Posted by: BlogMaster | March 14, 2015

Alphabet Soup 2015: Special Needs Planning

If you managed to decipher the Alphabet Soup of Agency and Services Naming in 2014, brace yourself for the new naming and acronym challenges taking effect in 2015.

Medicaid services for persons who are intellectually disabled is generally overseen by the Office of Persons with Developmental Disabilities (OPWDD). As with Medicaid for seniors for home care and nursing home services, Managed Medicaid is now part of OPWDD.

As the names of these programs keep changing, the end result is that advocates – legal, parents, and providers –- have expressed concerns as we enter 2015.Alphabet Soup 1

What was previously called “CSS and Self Direction” is now known as “Self Direction with Budget and Employer Authority”. The program – which encourages families to create an individualized plan for services (and, in theory, for housing) for their adult intellectually disabled child – is part of NY State’s “People First Waiver” for Managed Medicaid with CMS, the federal governing agency.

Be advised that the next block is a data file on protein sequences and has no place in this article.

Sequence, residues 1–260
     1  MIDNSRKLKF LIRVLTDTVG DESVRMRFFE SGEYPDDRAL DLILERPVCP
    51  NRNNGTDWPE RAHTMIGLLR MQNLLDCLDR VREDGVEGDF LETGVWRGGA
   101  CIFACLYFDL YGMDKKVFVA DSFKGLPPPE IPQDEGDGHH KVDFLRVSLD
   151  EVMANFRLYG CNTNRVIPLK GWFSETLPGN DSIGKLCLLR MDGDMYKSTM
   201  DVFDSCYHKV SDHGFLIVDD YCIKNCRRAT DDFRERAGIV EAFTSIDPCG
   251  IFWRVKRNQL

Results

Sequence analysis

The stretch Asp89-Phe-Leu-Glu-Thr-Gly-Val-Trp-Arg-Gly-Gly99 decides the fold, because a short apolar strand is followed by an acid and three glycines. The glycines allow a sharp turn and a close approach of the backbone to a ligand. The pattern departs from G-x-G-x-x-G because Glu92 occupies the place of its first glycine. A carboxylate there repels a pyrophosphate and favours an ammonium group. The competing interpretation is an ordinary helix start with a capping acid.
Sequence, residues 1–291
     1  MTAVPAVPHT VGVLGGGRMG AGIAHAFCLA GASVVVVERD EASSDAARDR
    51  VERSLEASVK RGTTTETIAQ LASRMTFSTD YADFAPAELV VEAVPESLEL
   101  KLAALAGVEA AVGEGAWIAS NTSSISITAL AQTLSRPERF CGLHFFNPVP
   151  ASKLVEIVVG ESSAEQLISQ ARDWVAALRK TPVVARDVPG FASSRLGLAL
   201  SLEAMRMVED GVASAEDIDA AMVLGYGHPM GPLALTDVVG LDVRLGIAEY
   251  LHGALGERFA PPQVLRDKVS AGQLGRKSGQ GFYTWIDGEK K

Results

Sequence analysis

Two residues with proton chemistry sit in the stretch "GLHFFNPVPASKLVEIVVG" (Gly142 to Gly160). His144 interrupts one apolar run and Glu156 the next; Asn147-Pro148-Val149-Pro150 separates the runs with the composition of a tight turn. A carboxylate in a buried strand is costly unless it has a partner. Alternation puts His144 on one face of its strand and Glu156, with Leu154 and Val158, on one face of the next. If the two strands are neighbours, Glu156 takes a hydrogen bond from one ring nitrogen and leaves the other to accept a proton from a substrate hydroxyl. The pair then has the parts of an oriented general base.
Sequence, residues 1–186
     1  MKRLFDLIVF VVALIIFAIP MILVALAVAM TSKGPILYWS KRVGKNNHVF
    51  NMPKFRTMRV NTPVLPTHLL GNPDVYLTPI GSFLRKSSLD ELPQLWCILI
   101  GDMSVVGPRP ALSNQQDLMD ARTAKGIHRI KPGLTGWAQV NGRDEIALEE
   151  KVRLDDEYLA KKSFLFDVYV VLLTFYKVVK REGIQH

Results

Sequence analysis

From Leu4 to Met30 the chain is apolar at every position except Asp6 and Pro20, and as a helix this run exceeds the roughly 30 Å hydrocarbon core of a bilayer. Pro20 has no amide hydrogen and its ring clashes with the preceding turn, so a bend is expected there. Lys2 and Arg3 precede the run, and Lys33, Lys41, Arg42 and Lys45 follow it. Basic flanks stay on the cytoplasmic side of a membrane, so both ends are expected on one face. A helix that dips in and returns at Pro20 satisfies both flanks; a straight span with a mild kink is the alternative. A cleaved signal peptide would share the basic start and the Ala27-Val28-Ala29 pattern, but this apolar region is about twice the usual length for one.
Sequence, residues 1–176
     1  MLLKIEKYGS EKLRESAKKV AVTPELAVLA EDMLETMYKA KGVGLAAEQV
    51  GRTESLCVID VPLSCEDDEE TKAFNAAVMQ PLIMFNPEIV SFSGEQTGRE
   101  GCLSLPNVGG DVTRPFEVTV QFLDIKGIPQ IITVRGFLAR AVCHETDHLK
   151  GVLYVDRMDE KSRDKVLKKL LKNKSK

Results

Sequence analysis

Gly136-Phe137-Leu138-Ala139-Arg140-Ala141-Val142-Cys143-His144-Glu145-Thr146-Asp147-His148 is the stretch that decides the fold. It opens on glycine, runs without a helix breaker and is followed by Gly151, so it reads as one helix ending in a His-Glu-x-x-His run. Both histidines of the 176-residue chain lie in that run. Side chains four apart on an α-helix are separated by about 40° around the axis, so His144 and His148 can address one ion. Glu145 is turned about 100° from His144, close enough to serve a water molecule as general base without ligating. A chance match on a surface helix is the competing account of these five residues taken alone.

Applications for initial services and planning go through the “Front Door”, which means that the applicant’s family must contact their local OPWDD regional office, now called the DDRO (formerly known as DDSO). Pay special attention to this hearty mix of acronyms, which are not yet updated on the OPWDD’s website at www.opwdd.ny.gov.

My professional advice is that the best source of information for New York State families is the New York Self Determination Coalition (http://nyselfd.org) and their online manual. This is a volunteer group of advocate parents.

What is the best role for a qualified special needs attorney in your planning?

The special needs attorney can help ensure that you understand and are accessing the appropriate resources and benefits (including SSI) for your disabled family member – regardless of their specific impairment.

And only an attorney can prepare a special needs trust. This is still the best option to preserve an inheritance for a family member, because Medicaid is expected to reduce services, particularly in the area of housing. There are many ways to write your wishes for managing the special needs trust into your Will or other estate planning documents, such as your own living trust.

Your family’s and your child’s situations are unique. Don’t let anyone tell you otherwise or try to convince you to settle for cookie-cutter planning.

All planning can and should be customized to meet your own family’s needs. Contact my office to arrange a consultation with me, as a special needs attorney practicing on Long Island.

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